Young producers meet in Topeka for first session

March 29, 2018

Young cattlemen and women from across the state met in Topeka February 12-13 for the first installment of the 2018 KLA Young Stockmen’s Academy (YSA). Merck Animal Health is again partnering with the association to host these members for an in-depth look into KLA and the beef industry. A series of four seminars will be held throughout the year in various locations in Kansas.

During this session, the 20 attendees learned about the array of member services provided by KLA, heard about the importance of being an advocate for the livestock industry, saw KLA lobbyists in action at the state Capitol and took part in the KLA Legislative Meeting. In addition, YSA members attended a Senate Agriculture and Natural Resources Committee meeting at the Capitol and participated in a financial planning seminar conducted by KCoe Isom. 

As part of an interactive training session led by KLA staff, White City rancher and beef advocate Debbie Lyons-Blythe and WIBW-Topeka farm broadcaster Greg Akagi, the group was given an overview of various media outlets available to help tell the beef production story. Lyons-Blythe shared how she has implemented advocacy into her daily routine through the use of her blog, “Kids, Cows and Grass”. 

Members of the 2018 YSA class are Jill Carr, Dwight; Cole Gardiner, Ashland; Ethan Horne, Marquette; Scott Jones, Melvern; Laura Klenda, Marion; Megan Larson, Olsburg; Jacquelyne Leffler, Americus; Bracey Lerner, Manhattan; Megan Ludwig, Pratt; Justin Reeve, Garden City; Marisa Rose, Russell; Jared Seeley, Eureka; Barrett Simon, Beloit; Rochelle Smart, Iola; Katelyn Steffens, Dighton; Rossie Stephens, Grinnell; Gretchen Stroberg, Hutchinson; Linden Stueve, Olpe; Ben Wheaton, Lewis; and Rusty Wiggs, Topeka.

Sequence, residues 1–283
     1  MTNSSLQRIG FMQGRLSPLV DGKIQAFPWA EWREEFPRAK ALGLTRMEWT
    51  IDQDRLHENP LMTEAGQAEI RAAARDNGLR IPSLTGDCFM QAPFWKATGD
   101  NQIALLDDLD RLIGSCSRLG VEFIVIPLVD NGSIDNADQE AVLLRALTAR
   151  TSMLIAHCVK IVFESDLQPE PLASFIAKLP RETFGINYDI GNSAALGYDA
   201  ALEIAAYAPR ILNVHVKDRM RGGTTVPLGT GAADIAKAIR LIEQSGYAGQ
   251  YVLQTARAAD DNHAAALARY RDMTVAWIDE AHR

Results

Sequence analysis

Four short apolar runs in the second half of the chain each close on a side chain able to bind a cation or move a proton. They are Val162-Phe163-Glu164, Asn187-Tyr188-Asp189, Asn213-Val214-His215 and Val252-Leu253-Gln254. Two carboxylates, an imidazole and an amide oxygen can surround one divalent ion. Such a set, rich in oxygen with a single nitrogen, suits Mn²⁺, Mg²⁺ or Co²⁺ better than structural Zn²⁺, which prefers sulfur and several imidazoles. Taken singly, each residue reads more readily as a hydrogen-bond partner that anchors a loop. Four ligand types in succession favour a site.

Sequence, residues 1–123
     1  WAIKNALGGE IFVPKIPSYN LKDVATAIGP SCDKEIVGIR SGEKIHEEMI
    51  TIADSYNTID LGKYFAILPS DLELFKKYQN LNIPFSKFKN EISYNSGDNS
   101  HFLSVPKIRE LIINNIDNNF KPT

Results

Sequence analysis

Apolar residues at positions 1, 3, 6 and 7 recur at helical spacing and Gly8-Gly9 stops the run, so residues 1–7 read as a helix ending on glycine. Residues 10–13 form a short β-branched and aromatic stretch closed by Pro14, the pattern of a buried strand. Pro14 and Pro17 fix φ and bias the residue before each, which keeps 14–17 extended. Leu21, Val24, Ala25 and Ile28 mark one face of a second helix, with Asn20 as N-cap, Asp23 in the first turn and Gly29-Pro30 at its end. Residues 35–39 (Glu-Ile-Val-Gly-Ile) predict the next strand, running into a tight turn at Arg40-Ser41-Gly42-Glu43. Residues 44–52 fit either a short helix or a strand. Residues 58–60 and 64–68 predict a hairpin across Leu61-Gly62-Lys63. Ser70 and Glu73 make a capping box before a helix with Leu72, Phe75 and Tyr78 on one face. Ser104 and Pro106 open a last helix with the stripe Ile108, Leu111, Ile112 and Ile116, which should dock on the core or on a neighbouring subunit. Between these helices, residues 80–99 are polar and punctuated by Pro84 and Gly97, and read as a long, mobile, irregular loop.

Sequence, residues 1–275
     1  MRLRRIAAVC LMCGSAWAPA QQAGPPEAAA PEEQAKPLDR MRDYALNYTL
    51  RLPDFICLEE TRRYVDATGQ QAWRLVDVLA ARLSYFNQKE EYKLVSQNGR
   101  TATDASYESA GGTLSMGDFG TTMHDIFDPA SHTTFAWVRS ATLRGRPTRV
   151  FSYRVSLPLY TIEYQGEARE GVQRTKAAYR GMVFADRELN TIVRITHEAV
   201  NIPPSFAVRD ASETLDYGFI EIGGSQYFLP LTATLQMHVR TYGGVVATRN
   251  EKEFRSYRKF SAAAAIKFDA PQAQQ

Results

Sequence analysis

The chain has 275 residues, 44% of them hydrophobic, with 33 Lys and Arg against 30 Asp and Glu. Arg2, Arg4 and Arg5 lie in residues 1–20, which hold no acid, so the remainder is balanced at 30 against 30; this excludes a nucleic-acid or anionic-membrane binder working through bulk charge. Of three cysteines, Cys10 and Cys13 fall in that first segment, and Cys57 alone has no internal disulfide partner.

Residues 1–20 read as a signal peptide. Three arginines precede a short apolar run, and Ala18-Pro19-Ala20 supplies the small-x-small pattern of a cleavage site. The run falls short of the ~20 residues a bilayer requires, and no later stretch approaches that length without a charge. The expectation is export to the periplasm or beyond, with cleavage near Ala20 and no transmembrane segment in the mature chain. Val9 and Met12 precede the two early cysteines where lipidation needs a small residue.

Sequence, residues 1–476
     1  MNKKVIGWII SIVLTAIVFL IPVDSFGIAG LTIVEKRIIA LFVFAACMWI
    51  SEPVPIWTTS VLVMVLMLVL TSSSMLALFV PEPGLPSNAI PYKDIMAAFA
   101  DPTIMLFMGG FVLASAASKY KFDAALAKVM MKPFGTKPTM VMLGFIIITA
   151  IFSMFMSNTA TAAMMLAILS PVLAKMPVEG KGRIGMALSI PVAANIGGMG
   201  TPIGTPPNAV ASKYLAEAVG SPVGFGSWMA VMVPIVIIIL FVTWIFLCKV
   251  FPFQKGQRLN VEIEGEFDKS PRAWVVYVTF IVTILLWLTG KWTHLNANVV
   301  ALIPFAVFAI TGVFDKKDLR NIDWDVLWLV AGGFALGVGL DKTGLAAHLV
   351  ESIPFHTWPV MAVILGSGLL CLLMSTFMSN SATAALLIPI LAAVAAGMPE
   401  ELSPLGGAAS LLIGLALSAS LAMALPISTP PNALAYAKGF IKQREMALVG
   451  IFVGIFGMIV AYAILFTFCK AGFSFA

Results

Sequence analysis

The second session for the YSA class will be held in May. Members will have the opportunity to learn more about the agribusiness and retail beef industries. More information about YSA can be found at www.kla.org. 

KLA is a trade organization representing the business interests of members at both the state and federal levels. Voluntary dues dollars paid by producers are used for programs that benefit KLA members in the areas of legislative representation, regulatory assistance, legal troubleshooting, communications and the advancement of youth.

-30-